Date: 1996/11/05
MessageID: <55oa9t$1tj@netsrv2.spss.com>#1/1
organization: SPSS, Inc.
newsgroups: comp.softsys.stat.spss
I've had a few questions from users about expected mean squares and
error terms in GLM. In particular, with a two way design with A fixed
and B random, many people are expecting to see the A term tested
against A*B and B tested against the within cells term. In the model
used by GLM, the interaction term is automatically assumed to be
random, expected mean squares are calculated using Hartley's method
of synthesis, and the results are not as many people are used to
seeing. In this case, both A and B are tested against A*B. Here's
some information that people may find useful.
It would appear that there's something of a split among statisticians in
how to handle models with random effects. Quoting from page 12 of the
SYSTAT DESIGN module documentation (1987):
There are two sets of distributional assumptions used to analyze
a two factor mixed model, differing in the way interactions are handled.
The first, used by SAS (1985, p. 469470), can be traced to Mood (1950).
Interaction terms are assumed to be a set of i.i.d. normal random variables.
The second, used by DESIGN, is due to Anderson and Bancroft (1952). They
impose the constraint that the interactions sum to zero over the levels of
fixed factor within each level of the random factor.
According to Miller (1986, p. 144): "The matter was more or less
resolved by Cornfield and Tukey (1956)." Cornfield and Tukey derive
expected mean squares under a finite population model and obtain results
in agreement with Anderson and Bancroft.
On the other side, Searle (1971) states: "The model that leads to
[Mood's results] is the one customarily used for unbalanced data."
Statisticians have divided themselves along the following lines:
Mood (1950, p. 344) Anderson and Bancroft (1952)
Hartley and Searle (1969) Cornfield and Tukey (1956)
Hocking (1985, p. 330) Graybill (1961, p. 398)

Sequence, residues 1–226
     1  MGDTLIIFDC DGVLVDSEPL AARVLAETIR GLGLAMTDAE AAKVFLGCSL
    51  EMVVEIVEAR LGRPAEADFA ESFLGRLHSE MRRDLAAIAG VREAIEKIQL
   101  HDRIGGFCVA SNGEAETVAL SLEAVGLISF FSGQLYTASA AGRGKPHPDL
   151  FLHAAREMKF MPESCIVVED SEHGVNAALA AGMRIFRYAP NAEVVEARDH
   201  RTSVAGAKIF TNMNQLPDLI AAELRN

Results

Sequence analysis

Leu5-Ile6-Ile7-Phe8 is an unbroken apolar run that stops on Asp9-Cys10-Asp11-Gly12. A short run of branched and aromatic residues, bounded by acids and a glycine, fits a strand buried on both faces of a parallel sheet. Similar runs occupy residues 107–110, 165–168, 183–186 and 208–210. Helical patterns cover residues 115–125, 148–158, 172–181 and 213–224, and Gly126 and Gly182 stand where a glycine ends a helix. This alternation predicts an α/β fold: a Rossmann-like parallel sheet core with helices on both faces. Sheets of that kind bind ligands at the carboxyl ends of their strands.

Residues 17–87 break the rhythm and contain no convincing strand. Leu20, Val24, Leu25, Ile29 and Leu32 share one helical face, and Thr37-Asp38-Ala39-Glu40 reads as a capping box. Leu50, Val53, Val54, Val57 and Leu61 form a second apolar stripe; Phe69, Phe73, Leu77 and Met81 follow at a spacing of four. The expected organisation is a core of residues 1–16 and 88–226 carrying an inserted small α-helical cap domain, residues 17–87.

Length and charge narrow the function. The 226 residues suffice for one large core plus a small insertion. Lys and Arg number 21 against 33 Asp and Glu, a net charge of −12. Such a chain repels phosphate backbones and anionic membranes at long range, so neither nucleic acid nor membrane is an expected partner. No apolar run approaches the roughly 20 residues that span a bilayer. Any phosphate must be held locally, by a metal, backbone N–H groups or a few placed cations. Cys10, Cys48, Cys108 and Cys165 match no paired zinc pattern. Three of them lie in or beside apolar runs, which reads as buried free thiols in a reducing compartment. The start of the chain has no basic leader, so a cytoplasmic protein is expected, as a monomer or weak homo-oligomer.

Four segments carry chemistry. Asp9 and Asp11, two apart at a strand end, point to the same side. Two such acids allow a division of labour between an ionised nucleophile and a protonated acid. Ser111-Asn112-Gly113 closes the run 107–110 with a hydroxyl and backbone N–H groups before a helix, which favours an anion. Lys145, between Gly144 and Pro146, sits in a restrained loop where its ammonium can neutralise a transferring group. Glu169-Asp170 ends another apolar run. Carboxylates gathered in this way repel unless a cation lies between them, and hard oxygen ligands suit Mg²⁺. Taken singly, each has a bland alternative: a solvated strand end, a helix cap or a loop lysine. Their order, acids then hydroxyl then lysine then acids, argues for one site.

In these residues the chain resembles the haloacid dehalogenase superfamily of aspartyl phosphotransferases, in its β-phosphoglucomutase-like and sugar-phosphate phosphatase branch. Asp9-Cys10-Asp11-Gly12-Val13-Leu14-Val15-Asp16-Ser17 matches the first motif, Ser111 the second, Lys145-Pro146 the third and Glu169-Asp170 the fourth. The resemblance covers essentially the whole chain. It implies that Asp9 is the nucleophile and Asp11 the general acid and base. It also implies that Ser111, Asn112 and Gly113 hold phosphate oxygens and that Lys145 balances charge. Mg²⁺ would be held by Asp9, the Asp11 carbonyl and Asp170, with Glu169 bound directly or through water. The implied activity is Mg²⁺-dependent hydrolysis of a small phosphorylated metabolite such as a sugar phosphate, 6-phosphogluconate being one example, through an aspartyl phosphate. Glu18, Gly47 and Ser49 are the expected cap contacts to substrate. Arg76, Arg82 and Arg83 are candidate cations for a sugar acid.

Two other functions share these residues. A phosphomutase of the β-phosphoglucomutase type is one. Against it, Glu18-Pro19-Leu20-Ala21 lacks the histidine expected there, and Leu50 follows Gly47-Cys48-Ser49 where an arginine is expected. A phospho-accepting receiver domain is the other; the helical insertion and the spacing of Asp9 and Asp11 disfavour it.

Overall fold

Milliken and Johnson (1984) Miller (1986, p. 144)
Searle (1971, sec. 9.7) Scheffe (1959, p. 269)
SAS Snedecor and Cochran (1967, p. 367)
DESIGN
The references are:
Cornfield, J., & Tukey, J. W. (1956). Average values of mean squares in
factorials. Annals of Mathematical Statistics, 27, 907949.
Graybill, F. A. (1961). An introduction to linear statistical models
(Vol. 1). New York: McGrawHill.
Hartley, H. O., & Searle, S. R. (1969). On interaction variance components
in mixed models. Biometrics, 25, 573576.
Hocking, R. R. (1985). The analysis of linear models. Monterey, CA:
Brooks/Cole.
Miller, R. G., Jr. (1986). Beyond ANOVA, basics of applied statistics.
New York: Wiley.
Milliken, G. A., & Johnson, D. E. (1984). Analysis of Messy Data, Volume 1:
Designed Experiments. New York: Van Nostrand Reinhold.
Mood, A. M. (1950). Introduction to the theory of statistics. New York:
McGrawHill.
Scheffe, H. (1959). The analysis of variance. New York: Wiley.
Searle, S. R. (1971). Linear models. New York: Wiley.
Snedecor, G. W., & Cochran, W. G. (1967). Statistical methods (6th ed.).
Ames, IA: Iowa State University Press.
SPSS can be added to the left hand column. We're assuming i.i.d. normally
normally distributed random variables for any interaction terms containing
random factors.



David Nichols Senior Support Statistician SPSS,
Inc.
Phone: (312) 3293684 Internet: nichols@spss.com Fax: (312)
3293668


 End of forwarded message